The benefits of a well constructed and professionally implemented security policy are numerous. For the region’s banking community, one of the biggest pluses is client reassurance.
“The security improvements give us a marketing edge, especially as we are going into internet banking. There is no legal requirement for us to meet the BASEL recommendations but they are a good standard to work towards. It gives clients confidence that our systems are secure,” says Zaidi.

Habib Bank AG Zurich is also reaping the benefits of a well-planned security policy. The bank launched multiple delivery channels for its client base three years ago. Habib Bank was one of the first banks in the Middle East to offer secure WAP banking and multiple products through its internet banking arm, HBZweb, and its event-based SMS messaging service, HBZgsm.

So far, Habib Bank’s system security remains unbreached. Amer Farid, HBZ’s assistant vice president, says the policy has proved successful because IT staff worked with employees of all levels, including directors, to ensure a holistic approach was taken when designing and implementing the document.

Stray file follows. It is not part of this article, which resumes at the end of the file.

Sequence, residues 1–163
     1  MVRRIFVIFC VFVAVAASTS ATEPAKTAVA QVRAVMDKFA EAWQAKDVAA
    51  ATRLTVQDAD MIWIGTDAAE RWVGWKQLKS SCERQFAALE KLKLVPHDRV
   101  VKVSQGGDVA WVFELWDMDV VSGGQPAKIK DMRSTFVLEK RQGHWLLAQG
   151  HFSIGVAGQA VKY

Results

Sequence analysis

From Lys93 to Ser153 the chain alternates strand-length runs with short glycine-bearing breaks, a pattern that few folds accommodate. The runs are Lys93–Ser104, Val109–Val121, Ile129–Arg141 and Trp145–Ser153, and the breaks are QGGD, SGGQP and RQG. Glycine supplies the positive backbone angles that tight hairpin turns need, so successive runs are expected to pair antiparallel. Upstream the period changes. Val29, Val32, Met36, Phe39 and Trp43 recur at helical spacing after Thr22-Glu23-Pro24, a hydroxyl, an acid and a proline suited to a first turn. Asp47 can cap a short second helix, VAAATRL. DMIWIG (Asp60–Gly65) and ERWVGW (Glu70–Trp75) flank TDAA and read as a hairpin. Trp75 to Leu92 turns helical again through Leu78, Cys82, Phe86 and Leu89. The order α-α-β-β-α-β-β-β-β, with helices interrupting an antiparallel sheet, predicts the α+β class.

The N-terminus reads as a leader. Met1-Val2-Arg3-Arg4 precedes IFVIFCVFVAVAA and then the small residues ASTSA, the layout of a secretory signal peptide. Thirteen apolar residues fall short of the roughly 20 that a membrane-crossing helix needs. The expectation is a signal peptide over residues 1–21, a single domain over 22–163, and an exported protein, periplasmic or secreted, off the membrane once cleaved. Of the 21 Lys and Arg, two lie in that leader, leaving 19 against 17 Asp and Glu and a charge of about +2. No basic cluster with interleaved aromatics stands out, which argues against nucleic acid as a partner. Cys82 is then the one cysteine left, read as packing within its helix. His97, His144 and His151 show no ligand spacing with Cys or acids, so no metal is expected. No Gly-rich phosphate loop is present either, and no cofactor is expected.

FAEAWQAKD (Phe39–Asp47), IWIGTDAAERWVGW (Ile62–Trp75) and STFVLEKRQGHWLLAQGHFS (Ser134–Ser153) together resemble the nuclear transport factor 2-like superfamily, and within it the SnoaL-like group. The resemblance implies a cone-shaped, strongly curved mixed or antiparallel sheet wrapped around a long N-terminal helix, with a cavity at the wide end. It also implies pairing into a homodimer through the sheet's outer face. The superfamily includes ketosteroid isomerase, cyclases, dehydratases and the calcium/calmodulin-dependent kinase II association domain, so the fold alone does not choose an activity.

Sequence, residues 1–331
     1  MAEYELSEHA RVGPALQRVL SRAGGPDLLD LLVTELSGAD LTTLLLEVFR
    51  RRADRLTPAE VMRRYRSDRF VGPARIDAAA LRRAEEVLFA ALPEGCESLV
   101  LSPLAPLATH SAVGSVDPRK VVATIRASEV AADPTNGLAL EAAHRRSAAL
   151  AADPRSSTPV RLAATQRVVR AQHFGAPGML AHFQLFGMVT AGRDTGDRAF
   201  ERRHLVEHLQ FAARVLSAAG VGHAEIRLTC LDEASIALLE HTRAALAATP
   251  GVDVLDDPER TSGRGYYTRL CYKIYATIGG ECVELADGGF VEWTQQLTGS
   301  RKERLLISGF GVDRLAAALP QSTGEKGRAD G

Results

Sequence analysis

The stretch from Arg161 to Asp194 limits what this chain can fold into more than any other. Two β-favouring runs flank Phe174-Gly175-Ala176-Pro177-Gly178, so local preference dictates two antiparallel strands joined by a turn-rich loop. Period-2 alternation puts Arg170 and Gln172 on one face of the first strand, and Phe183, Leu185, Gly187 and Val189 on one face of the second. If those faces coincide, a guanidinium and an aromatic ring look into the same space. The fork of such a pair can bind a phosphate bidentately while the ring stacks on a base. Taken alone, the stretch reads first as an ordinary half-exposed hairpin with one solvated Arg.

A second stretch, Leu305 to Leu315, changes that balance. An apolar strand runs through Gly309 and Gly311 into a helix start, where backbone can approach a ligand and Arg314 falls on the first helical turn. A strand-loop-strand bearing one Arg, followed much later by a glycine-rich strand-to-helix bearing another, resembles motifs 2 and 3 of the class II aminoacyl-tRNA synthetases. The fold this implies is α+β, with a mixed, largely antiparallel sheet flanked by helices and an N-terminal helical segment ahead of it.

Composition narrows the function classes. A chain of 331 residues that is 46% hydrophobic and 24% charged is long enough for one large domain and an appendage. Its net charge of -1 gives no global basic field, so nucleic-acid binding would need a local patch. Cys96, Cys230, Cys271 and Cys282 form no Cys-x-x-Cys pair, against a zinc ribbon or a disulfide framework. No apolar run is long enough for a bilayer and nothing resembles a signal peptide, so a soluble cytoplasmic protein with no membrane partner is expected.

“An effective policy covering all aspects of security, not just viruses, is important and what is more critical is actually implementing it within the infrastructure. Unfortunately a majority of IT managers are not in a position to think beyond the virus threat,” he explains. “Security was not considered a single element residing somewhere on the network, like a firewall. It was a design principal for all tiers and layers of the application, the required software infrastructure and the physical infrastructure. In short, it was integrated security across the board,” Farid adds.